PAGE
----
The Black Death And Its Impact On Europe’s Medieval Society
Everyone in their childhood once remembers the classic nursery rhyme “Ring-Around-The-Rosy” however people still hinge as they realise this playful tune was based on something as atrocious as “The Black Death”. Emerging from the Black Sea, The Bubonic Plague reached the shores of Italy in the spring of 1348. It spread through Europe in a The abomination of the black death in Medieval Europe was a horrific package that brought with it an array of significant long and short term effects on its society, the most controversial include, population, economic and religion.
Primarily, One distinguishable effect included the population impact. As between its most prominent years of spreading through Europe (1348-1351) “The Bubonic Plague” brutally clutched over 50 million innocent lives in just the context of Europe’s Medieval society, this translates to 60% of europe’s population falling into an eternal slumber in just 3 years. Therefore it is referred by historians as the one of the most brutal and significant diseases in both Europe and the world’s history, for example, As seen in a graph provided by Source B, it is clearly noticeable the drop of World Population during the years of the black death hence concluding that Europe was not just the one affected however the deadly disease also nearly created one of the largest drops of humanity’s population in history.
In addition, Another detectable effect included the economic impact. The economic effect of the plague was significant, As by reading into Source E; “Sheep and cattle went wandering … and there was no one to go and drive or gather them … many crops perished in the fields for want of someone to gather them” and “the peasants were so lifted up and obstinate that they would not listen to the king’s command, but if anyone wished to have them he had to give them what they wanted, and either lose his fruit and crops, or satisfy the wishes of the workmen” It is easily concluded that due to the high amount of population loss of peasants agricultural prices decreased almost immediately, thus endangering the fortunes and power of the aristocracy, whose wealth and dominance were based on land. At the same time, because large numbers of peasants died from the Black Death rents are no longer paid, there is a shortage of labour. As a result of the labour shortages caused by the Black Death the landed aristocracy began to lose much of their power and status and instead now the peasants were gaining wealth, for example, in Source F wages have increased heavily through the years after the bubonic plague. Although this than lead to 1353, where according to both Source D and Source G; It is informed that the King of England established a rule in which the peasants were only given a certain amount of wage no matter the amount of labour. However during 13581, an uneducated clergy named John Ball lead the Peasants Revolt which soon became the reason for many other peasant deaths, after arguments took on a feeling of rage across the King (which forced him to start a war). However due to this rule was “overruled” and thus resulting in Europe’s Medieval society having a sense of democracy, where everyone is paid equally for equal amount of labour.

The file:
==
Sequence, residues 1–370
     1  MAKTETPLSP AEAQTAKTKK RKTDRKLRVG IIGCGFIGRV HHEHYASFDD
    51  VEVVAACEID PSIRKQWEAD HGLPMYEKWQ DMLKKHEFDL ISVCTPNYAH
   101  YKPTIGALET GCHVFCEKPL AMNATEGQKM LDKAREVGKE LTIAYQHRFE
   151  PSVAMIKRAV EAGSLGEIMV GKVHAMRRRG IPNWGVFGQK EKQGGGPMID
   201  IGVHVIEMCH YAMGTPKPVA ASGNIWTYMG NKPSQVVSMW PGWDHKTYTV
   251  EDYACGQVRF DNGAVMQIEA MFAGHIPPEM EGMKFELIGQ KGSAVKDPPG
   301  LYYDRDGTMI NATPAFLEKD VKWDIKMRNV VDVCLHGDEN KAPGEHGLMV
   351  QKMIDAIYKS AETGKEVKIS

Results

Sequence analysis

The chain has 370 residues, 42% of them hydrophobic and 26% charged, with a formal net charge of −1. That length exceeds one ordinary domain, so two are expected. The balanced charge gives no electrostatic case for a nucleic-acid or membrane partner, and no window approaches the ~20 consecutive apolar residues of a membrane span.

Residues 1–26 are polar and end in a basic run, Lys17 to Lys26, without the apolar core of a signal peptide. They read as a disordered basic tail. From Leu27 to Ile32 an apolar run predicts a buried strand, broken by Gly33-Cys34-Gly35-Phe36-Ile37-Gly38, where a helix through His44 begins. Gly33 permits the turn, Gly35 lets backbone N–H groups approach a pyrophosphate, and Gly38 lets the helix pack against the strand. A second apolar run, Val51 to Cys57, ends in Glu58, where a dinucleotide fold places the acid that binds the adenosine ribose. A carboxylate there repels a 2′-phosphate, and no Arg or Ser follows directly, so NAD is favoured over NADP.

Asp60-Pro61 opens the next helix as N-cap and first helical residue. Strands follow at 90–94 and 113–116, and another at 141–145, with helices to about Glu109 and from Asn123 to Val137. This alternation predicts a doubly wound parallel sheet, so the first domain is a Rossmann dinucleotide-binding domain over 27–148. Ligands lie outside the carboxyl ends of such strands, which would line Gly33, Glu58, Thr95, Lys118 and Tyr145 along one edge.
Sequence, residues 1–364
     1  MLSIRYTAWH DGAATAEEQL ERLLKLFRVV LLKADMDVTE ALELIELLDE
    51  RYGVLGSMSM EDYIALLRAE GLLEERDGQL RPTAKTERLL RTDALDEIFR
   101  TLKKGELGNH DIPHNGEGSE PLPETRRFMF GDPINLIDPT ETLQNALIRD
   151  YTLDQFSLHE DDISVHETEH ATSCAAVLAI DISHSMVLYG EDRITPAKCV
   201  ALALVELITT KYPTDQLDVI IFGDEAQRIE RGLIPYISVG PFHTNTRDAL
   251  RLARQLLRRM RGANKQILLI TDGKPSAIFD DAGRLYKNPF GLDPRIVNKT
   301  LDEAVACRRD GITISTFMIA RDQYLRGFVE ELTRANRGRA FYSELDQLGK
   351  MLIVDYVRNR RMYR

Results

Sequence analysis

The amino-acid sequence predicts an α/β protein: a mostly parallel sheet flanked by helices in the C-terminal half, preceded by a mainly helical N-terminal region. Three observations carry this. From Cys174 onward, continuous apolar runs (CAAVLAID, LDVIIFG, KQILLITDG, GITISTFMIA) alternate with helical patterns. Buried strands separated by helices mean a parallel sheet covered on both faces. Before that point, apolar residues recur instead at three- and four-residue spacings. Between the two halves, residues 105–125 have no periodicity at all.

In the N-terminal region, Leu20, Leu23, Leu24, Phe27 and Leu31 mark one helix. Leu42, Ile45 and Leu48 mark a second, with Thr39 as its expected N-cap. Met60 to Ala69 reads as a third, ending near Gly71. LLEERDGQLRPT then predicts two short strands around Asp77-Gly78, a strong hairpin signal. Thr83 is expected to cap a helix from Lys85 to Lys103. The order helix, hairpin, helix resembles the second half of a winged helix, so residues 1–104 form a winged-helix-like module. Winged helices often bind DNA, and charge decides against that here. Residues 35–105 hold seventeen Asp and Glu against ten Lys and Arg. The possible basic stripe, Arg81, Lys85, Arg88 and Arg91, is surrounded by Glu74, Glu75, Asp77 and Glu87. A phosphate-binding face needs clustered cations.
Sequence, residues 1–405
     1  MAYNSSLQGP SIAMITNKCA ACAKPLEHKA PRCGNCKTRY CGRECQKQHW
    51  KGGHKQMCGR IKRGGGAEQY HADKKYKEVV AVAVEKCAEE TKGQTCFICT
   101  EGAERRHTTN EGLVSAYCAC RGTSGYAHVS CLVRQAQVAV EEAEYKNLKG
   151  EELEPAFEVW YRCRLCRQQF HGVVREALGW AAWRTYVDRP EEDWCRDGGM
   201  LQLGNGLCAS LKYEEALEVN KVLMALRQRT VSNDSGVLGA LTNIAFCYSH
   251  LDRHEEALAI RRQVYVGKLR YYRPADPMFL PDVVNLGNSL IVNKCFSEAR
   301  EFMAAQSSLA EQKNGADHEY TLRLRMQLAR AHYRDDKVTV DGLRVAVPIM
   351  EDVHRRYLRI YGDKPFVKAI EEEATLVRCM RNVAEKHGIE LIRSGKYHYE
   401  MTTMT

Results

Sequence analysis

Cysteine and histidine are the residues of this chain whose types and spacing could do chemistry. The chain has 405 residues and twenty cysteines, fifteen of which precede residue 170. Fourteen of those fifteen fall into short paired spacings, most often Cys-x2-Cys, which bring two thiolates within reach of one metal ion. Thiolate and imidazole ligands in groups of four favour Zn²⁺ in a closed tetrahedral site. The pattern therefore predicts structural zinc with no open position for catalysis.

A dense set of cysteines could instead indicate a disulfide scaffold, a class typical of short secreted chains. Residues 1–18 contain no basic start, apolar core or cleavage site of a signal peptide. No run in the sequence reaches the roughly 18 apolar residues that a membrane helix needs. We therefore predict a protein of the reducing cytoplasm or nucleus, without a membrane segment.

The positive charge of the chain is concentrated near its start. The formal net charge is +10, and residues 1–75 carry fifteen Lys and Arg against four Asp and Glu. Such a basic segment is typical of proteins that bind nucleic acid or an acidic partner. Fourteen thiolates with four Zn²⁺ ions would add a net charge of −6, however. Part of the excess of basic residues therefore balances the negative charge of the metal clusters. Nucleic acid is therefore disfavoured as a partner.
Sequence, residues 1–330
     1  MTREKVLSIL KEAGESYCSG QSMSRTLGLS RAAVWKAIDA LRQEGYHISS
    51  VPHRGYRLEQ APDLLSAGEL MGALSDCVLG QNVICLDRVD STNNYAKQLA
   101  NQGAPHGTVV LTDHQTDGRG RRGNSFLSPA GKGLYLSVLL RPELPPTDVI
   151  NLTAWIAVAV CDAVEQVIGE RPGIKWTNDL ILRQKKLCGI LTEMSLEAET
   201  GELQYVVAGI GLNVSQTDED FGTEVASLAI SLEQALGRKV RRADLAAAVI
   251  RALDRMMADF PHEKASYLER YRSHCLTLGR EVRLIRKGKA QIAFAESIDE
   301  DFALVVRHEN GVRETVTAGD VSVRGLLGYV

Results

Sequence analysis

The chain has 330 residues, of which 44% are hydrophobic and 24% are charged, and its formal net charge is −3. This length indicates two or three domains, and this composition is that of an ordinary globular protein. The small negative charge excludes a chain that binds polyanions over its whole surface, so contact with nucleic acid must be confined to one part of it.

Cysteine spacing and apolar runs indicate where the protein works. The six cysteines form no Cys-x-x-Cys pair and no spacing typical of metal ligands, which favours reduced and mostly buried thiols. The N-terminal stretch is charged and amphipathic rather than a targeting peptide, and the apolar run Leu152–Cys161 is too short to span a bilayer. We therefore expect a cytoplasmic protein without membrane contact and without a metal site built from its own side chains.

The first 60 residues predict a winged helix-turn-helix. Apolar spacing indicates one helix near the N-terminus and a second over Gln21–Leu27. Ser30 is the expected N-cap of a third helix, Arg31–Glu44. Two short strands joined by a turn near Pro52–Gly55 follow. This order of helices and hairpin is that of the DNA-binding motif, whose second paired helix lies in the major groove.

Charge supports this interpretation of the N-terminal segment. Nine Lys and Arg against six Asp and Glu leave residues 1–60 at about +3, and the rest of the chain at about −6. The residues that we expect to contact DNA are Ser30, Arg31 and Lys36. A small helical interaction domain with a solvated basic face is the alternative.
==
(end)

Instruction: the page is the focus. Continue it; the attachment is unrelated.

Furthermore, there are other various ways “The Black Death” affected Europe’s Medieval society, however the most affected is religion. Primarily, During the era of the time in which “The Black Death” was most prominent in Europe, many families (most promptly peasant families) with dying relatives seeked out to the church and God as for them it symbolizes purity, healing and a place of protection; thus this lead to many individuals spending more than could afford to perform “Blessing ceremonies”. Blessing Ceremonies are described when a cluster of high ranked people of the church bless one’s soul in the name of god therefore making him more “aware” of you. These families were also told that the ceremony would make the dreadful sickness that was in a relative’s body to be overruled by “the blessings” given; however as predicted the ceremonies did absolutely nothing to save the victim from dying but gave the families a sense of false hope. Therefore many in Europe’s Medieval society grew disbelief of God and the church as people realized that religion could do nothing to stop the spread of the disease and their family’s suffering. So the Church’s services in many areas simply ceased.
Overall, The Black Death was a nightmare in appearance but a blessing in soul. It radically altered many aspects of Europe’s Medieval society. It impacted the population to such a drastic extent that it took decades to recover from. It impacted the structure of society by shaking the feudal system at its roots. It also impacted a corner of Medieval life, the church and its practices. However without this change European society as we know today would not have a democracy but still be led by the rigorous feudal system.